Why your kid’s school can’t visit the Refuge

Got that? “Although certain officials have said the site is safe, I thought that, in solidarity with our partners, like Denver Public Schools and Adams (county school districts) that it would be beneficial to forgo those field trips.” [bottom first box at right]

There is not a single ‘scientist’ among the Peace&Justice crew capable of or interested in examining the actual dose from inhaling or ingesting plutonium in dust. As you have seen elsewhere on our website, 50-year doses from alpha radiation are comparable to that from eating xx bananas.

In episode 5 of his podcast series Changing Denver, Paul Karolyi was troubled by this cascade of misinformation. Read how Lisa Flores defended her position here. One dose of P&J fear mongering caused an inadequately prepared and totally clueless school board to capitulate. Then all P&J needs to do is point out to other school boards the action of the first. Voilà: a domino effect of ignorance and fear, with international attention, without an iota of scientific evidence.

But don’t we want our elected officials to be leaders like Jason Glass [Jeffco superintendent]? He consulted all sides at least. What does it say about all these other school boards that they didn’t talk to anyone other than the activists before they made these big decisions? I get that it seems like common sense that any inkling of danger demands a response when children are around. But these decisions have huge implications. Lisa Flores [Denver Public Schools] herself cited the Jeffco field trip ban as a precedent for her own decision. Now she’s provided cover for politicians and even higher office to do the same.

Paul Karolyi, Changing Denver, episode 5

“It’s very important that that land not be open for public recreation, and it’s especially important that kids not visit that land,” activist Chris Allred told The Sentinel after testifying before school board. He’s with Rocky Mountain Peace and Justice, an anti-nuclear and anti-war organization that has successfully persuaded more than half-a-dozen districts and officials not to let their students on Rocky Flats.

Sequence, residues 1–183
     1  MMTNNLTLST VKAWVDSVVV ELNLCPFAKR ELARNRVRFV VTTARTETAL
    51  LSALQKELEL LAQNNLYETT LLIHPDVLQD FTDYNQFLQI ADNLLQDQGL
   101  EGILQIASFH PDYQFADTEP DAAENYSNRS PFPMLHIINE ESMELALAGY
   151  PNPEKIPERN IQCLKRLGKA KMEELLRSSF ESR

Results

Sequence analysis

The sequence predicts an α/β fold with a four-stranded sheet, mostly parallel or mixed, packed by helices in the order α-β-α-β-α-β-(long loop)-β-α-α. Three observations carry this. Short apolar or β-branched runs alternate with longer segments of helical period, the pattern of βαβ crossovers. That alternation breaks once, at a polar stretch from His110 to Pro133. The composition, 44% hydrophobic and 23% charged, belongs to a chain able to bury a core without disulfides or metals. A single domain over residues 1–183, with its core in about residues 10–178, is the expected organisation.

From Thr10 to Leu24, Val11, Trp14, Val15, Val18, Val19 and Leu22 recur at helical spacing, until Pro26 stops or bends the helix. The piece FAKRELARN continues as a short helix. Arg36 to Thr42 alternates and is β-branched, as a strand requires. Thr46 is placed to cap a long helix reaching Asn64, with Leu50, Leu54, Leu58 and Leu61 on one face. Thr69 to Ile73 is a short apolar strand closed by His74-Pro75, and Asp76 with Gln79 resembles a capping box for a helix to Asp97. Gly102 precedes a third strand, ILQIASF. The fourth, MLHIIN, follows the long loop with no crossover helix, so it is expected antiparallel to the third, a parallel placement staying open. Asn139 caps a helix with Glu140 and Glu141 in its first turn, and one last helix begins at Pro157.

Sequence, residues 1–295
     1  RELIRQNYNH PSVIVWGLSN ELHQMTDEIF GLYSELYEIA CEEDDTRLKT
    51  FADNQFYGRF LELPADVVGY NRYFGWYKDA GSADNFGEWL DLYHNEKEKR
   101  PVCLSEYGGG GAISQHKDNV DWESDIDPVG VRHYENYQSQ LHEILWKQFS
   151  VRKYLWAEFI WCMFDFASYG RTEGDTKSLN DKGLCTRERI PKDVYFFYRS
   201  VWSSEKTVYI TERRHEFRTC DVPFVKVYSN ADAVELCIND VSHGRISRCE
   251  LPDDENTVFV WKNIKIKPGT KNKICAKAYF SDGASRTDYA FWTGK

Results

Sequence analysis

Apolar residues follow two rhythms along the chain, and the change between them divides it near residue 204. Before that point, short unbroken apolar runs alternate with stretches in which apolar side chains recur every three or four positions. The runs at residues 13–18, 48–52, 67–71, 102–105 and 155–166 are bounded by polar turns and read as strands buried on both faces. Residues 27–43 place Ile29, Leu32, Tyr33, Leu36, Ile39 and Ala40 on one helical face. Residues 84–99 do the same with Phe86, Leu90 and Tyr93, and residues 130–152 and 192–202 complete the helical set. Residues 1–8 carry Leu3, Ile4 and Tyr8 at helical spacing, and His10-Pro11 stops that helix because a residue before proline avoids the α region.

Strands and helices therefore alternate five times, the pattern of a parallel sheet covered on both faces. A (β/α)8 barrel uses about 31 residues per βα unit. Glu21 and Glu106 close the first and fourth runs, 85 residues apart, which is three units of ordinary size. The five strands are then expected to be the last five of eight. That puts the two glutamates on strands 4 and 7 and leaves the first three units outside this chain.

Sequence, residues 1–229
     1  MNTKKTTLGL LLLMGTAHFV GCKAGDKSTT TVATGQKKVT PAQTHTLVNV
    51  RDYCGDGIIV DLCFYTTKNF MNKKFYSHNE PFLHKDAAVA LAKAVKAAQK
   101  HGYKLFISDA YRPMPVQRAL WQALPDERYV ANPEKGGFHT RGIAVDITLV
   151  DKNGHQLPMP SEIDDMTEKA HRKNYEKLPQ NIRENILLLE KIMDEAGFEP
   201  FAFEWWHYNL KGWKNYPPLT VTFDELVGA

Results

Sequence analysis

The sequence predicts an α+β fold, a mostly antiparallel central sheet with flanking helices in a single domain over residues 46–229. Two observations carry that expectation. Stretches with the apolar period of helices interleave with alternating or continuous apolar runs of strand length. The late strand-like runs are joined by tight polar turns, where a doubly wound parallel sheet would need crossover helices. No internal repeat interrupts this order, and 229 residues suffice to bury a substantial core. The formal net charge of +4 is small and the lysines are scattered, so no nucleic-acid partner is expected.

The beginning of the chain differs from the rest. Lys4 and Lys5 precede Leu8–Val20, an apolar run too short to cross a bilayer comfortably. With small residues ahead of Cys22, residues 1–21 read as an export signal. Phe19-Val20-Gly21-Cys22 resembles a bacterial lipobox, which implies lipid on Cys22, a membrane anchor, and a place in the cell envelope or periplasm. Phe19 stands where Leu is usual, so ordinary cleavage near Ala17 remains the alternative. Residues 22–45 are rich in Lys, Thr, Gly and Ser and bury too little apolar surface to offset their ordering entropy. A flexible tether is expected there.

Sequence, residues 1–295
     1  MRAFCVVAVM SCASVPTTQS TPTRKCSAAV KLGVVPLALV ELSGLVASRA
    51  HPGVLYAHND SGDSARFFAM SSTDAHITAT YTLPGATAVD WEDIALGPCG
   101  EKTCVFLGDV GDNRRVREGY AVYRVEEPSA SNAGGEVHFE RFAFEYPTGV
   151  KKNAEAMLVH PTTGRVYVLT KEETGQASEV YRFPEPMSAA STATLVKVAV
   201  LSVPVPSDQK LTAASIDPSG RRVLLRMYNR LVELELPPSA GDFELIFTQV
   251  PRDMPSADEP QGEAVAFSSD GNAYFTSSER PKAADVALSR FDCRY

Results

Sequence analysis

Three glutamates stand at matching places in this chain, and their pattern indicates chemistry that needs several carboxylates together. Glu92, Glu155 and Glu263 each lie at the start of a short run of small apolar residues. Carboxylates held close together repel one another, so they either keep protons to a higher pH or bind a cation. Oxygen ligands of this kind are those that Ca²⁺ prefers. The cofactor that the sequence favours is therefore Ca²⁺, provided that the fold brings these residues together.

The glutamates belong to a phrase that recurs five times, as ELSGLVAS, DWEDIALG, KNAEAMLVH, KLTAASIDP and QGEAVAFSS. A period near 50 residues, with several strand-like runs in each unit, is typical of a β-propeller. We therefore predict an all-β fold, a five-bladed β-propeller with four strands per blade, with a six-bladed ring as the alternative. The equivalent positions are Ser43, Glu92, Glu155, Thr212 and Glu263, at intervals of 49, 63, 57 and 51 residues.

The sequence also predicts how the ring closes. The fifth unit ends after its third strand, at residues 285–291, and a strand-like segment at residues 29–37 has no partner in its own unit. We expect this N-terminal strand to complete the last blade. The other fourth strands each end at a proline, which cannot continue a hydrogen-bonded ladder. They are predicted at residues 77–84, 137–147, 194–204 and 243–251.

The idea of a prospective field trip ban in Aurora Public Schools was revived last week after citizen activists and scientists told the school board Rocky Flats is still dangerous… Aurora would join at least seven metro-area school districts that have banned student field trips to the newly-opened wildlife refuge of flat, brown plains that surrounds a Superfund site. 
Board member Kyla Armstrong-Romero championed a district-wide ban at a board meeting last week…
But for Rocky Flats, Superintendent Rico Munn has the power to personally weigh any request to visit the site. That’s the result of a 2018 policy change instituted after a similar activist request to school board members, according to school officials. That policy “isn’t enough” for Armstrong-Romero. “There were some pretty serious concerns,” she said of the refuge. “Although certain officials have said the site is safe, I thought that, in solidarity with our partners, like Denver Public Schools and Adams (county school districts) that it would be beneficial to forgo those field trips.

Grant Stringer, sentinelcolorado.com, 20 November 2019

Although we’ve made it fairly easy for school districts to back off from these pathetic episodes, probably the most effective approach is the threat of legal action, one of the reasons we need external help.

Read the inept response of Lisa Flores to Paul Karolyi’s queries about the school board ‘decision’. She said nothing about experts at that time, nor are there experts on the anti-Refuge side. There is no dissent among those who understand plutonium dosimetry.

Once again, the fatuous “not the cleanup we paid for” argument, a favorite of anti-Refuge people who know neither the chemistry or physics, or the history.

Dr. Mark Johnson has made his legacy one of fear mongering and reluctance or inability to read the scientific literature about Rocky Flats, although he had 30 years to acquaint himself with the issues.

“The threat posed by contamination at Rocky Flats and its effect on visiting children appears to be an issue of dispute amongst experts,” Lisa Flores, a Denver public schools board of education member, told the Guardian. “Until we have definitive assurances of child safety, we will exercise an abundance of caution.”

The executive director of the public health department in Jefferson county, where the refuge is located, has his own doubts about the park’s safety. “If I honestly felt that the data showed the risks of hiking out there were very, very little, I wouldn’t fight them opening it,” said Mark Johnson. “I think it’s too convenient that the original [cleanup] estimate of 70 years and billions of dollars was cut so short and so cheap.”

the guardian, Daliah Singer, 22 Aug 2018